Times 02-Jul-1996, Appeal No 40 of 1995, Appeal No 40 of 1995, [1996] UKPC 3, [1996] UKPC 18, [2012] ECHR 1636, [2012] ECHR 1635, [2012] ECHR 1637, [1990] ECHR 34, [2009] ECHR 619, [1980] ECHR 9, [1997] ECHR 205, [2014] ECHR 293, [1978] ECHR 8, [2010] ECHR 2263, [1994] ECHR 59, [2011] ECHR 2422, [1985] ECHR 14, [2016] ECHR 699, [2016] ECHR 704, [2016] ECHR 986, [2017] ECHR 32

Links:

PC, Bailii, Bailii, Bailii, Bailii, Bailii, Bailii, Bailii, Bailii, Bailii, Bailii, Bailii, Bailii, Bailii, Bailii, Bailii, Bailii, Bailii, Bailii, Bailii

Jurisdiction, Criminal Practice, Commonwealth

Updated: 19 May 2022; Ref: scu.80774

Elliott (Angus Gordon) v HM Advocate: HCJ 24 Mar 1995

New evidence on an appeal was admissible only in accordance with the Act.

Judges:

Lord Justice Clerk Ross

Citations:

Times 16-May-1995, 1995 JC 95, [1995] ScotHC HCJ – 2, 1995 SLT 612, 1995 SCCR 280

Links:

Bailii

Statutes:

Criminal Procedure (Scotland) Act 228(2)

Cited by:

CitedFraser v Her Majesty’s Advocate SC 25-May-2011
The defendant appealed against his conviction for murder, saying that the prosecution had failed to disclose certain matters.
Held: The appeal succeeded, the conviction was quashed and the case remitted to the Scottish courts to consider . .
Lists of cited by and citing cases may be incomplete.

Criminal Practice, Scotland

Updated: 19 May 2022; Ref: scu.80299

Dunkley and Robinson v The Queen: PC 1 Nov 1994

(Jamaica) The appellant’s counsel had walked out of a murder trial after a dispute with the judge, leaving the appellant unrepresented for the remainder of the proceedings.
Held: A defendant in a capital murder case is to be allowed to find new counsel after his counsel quit. A case which had continued without this being allowed was unfair: ‘. . . where a defendant faces a capital charge and is left unrepresented through no fault of his own the interest of justice require that in all but the most exceptional cases there be a reasonable adjournment to enable him to try and secure alternative representation.’

Citations:

Independent 01-Nov-1994, Gazette 09-Nov-1994, [1995] 1 AC 419

Citing:

AppliedRobinson v The Queen PC 1985
Where a defendant found himself unrepresented on the day of trial, an adjournment should be granted. The constitutional right to representation was not a guarantee of representation but a right for the defendant to arrange representation at his own . .

Cited by:

CitedGianchand Jahree v The State PC 28-Feb-2005
(Mauritius) The defendant appealed his conviction for possession of counterfeit bank notes, saying he had been unrepresented throughout, and that the magistrate had intervened in the character of a prosecutor.
Held: The right to representation . .
CitedGianchand Jahree v The State PC 28-Feb-2005
(Mauritius) The defendant appealed his conviction for possession of counterfeit bank notes, saying he had been unrepresented throughout, and that the magistrate had intervened in the character of a prosecutor.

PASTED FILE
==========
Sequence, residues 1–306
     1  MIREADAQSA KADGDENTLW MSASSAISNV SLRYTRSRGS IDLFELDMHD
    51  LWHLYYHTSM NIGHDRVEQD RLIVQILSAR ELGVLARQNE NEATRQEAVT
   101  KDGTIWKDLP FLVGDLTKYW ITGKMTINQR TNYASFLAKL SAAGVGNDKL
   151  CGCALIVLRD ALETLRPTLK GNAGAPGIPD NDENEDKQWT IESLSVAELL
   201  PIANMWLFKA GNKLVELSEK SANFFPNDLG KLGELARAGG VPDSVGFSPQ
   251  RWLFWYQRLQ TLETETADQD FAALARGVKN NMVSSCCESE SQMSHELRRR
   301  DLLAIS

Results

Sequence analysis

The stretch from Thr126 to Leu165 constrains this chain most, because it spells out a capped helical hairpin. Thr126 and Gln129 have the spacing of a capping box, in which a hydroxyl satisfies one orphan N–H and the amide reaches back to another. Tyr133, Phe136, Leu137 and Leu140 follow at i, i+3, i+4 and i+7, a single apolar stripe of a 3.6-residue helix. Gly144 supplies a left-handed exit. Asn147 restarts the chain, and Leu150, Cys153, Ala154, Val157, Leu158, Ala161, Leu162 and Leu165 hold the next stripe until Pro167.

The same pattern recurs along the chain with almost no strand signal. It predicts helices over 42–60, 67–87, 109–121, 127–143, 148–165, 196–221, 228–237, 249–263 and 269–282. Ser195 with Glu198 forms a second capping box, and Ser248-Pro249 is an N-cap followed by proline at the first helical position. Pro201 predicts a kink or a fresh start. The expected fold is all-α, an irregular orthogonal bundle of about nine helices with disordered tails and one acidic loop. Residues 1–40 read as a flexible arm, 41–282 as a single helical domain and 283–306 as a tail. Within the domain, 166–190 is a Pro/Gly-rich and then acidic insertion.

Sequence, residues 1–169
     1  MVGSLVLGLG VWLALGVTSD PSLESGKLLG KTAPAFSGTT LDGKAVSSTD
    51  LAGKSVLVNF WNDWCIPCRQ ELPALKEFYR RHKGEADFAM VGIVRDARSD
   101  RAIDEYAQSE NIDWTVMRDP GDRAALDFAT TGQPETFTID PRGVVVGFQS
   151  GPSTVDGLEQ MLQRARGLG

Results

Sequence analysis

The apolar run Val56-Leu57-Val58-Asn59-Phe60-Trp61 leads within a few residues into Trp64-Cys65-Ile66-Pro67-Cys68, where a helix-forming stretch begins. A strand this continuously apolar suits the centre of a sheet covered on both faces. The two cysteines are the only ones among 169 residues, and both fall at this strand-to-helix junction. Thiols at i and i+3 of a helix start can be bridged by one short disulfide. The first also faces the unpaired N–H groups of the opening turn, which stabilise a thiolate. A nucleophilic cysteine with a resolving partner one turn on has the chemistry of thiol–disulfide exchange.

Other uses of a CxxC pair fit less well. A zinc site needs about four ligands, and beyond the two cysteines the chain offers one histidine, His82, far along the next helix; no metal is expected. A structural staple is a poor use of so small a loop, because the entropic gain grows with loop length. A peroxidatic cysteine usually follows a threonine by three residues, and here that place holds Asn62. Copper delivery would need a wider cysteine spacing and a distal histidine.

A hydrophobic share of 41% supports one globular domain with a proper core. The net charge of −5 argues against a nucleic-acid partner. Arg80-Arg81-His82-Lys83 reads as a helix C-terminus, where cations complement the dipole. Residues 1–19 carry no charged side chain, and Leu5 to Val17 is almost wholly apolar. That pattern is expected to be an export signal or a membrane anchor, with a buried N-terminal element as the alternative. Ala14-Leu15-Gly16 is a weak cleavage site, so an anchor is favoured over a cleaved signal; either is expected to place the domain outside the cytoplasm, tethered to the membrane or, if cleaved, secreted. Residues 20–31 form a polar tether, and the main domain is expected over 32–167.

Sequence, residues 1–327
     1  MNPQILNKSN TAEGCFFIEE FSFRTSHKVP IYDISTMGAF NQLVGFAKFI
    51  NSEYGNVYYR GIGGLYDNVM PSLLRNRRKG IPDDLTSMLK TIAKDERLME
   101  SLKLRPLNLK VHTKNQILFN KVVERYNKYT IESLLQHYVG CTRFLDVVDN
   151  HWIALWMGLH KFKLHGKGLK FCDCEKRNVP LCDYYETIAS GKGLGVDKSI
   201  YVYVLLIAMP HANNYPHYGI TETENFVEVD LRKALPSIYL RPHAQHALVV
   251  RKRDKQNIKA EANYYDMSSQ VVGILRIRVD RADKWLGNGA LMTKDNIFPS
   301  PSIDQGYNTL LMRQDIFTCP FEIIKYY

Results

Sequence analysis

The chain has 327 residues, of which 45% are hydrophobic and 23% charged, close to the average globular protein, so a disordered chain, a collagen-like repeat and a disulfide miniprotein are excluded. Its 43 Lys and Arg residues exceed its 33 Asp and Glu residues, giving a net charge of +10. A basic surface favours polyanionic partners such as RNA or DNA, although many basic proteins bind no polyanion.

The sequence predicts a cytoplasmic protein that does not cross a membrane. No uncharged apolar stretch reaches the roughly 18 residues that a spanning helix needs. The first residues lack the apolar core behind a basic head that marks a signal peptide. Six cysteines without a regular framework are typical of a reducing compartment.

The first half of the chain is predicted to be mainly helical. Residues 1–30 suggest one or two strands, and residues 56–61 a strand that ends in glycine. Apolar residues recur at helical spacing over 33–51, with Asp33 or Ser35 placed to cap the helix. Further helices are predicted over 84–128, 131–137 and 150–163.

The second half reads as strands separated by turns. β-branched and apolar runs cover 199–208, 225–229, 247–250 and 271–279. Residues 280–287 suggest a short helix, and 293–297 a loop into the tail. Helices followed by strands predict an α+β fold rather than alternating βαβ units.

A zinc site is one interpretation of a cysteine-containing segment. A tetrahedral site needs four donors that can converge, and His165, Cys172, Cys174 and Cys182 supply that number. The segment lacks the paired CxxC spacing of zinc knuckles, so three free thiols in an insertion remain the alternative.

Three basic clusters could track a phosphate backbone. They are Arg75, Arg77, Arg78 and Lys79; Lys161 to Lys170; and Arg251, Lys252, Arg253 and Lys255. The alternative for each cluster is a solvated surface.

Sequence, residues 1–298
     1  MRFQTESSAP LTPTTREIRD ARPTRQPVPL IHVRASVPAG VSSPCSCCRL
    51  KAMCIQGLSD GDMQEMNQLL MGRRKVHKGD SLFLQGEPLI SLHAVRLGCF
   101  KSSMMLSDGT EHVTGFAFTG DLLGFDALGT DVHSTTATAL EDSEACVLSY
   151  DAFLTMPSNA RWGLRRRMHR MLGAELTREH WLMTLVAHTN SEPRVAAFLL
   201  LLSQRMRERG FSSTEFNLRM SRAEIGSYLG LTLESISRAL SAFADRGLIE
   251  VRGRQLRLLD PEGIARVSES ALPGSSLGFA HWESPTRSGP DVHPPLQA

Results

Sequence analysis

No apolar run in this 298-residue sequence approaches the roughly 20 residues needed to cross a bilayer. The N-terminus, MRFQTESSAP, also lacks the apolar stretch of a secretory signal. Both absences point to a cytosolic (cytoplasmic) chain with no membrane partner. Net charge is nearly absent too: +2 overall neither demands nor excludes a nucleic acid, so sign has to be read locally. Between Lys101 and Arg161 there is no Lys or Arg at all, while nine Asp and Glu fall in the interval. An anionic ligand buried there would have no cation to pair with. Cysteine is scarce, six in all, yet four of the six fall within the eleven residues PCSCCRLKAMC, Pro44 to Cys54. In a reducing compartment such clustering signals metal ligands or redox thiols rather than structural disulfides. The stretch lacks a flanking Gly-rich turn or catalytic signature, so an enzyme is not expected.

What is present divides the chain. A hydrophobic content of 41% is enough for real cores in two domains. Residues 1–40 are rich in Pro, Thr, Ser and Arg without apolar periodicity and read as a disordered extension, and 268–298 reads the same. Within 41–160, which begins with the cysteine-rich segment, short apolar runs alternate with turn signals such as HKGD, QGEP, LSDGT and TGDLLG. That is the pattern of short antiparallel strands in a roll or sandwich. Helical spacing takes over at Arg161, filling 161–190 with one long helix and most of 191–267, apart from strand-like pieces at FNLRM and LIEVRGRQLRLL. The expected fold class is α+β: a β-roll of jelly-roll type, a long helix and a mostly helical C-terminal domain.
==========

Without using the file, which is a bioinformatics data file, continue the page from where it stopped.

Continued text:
Held: The right to representation . .
CitedGrant v The Queen PC 16-Jan-2006
(Jamaica) The defendant appealed his conviction for murder saying that the admission of an unsworn statement by one witness and the non-admission of another similar statement who did not either attend court was unconstitutional. He shot the victim . .
CitedDelroy Ricketts v The Queen PC 15-Dec-1997
(Jamaica) Special leave was granted to the defendant to appeal his conviction for murder. Counsel had been late for his trial, and the jury empanelled. When counsel arrived he said the defendant had not understood the judge. A trial took place as to . .
Lists of cited by and citing cases may be incomplete.

Criminal Practice, Commonwealth

Updated: 19 May 2022; Ref: scu.80170

Dudley Metropolitan Borough Council v Debenhams Plc: QBD 16 Aug 1994

A search by Trading Standards officers was subject to the PACE codes of Practice even though it may be described as a routine inspection. The officers had an obligation to specify the power under which they acted.

Citations:

Times 16-Aug-1994

Statutes:

Police and Criminal Evidence Act 1984

Criminal Practice

Updated: 19 May 2022; Ref: scu.80156

Director of Public Prosecutions v Cottier: QBD 22 Feb 1996

Proceedings against a youth begin at court; notice need not be given to the youth panel before the charge itself is made at police station. When considering whether proceedings have been ‘begun’ in any court for the section Saville LJ, said: ‘We were referred to a number of authorities which considered somewhat similar provisions, but all I glean from those is that the answer to the question when proceedings are instituted or begun depends on the context in which the words are used and the purpose of the provision.’

Judges:

Saville LJ

Citations:

Times 22-Feb-1996, [1996] 1 WLR 826

Statutes:

Children and Young Persons Act 1969 34(2)

Cited by:

CitedRockall v Department for Environment, Food and Rural Affairs Admn 22-Mar-2007
The defendant appealed against his conviction under the Act, saying that the proceedings had been issued late. The issue was the calculation of the date when proceedings were begun.
Held: There was no justification for reading the wording of . .
Lists of cited by and citing cases may be incomplete.

Criminal Practice, Magistrates

Updated: 19 May 2022; Ref: scu.79996

Director of Public Prosecutions v Ara: QBD 16 Jul 2001